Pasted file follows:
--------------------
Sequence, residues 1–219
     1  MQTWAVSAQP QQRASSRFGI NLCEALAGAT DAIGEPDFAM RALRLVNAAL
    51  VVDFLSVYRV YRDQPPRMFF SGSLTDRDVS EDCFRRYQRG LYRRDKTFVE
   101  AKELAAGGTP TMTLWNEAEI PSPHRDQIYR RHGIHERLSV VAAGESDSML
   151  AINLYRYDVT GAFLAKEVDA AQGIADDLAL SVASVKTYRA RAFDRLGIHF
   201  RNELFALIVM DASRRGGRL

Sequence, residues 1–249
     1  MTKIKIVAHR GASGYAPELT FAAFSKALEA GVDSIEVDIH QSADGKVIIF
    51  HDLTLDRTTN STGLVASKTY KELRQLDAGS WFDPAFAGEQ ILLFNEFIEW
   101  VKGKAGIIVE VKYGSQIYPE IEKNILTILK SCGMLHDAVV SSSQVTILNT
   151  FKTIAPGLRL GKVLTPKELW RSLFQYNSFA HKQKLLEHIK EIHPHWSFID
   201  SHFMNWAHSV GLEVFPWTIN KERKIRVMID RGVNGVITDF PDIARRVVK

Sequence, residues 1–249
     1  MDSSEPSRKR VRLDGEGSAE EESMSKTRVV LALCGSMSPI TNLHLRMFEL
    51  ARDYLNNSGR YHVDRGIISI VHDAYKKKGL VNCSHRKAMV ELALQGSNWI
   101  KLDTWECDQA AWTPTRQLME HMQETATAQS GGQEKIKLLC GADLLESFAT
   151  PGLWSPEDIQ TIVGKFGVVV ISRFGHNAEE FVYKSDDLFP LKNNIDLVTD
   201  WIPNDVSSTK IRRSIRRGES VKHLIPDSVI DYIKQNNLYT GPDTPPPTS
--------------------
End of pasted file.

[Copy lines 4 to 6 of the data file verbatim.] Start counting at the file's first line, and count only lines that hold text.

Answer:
   101  AKELAAGGTP TMTLWNEAEI PSPHRDQIYR RHGIHERLSV VAAGESDSML
   151  AINLYRYDVT GAFLAKEVDA AQGIADDLAL SVASVKTYRA RAFDRLGIHF
   201  RNELFALIVM DASRRGGRL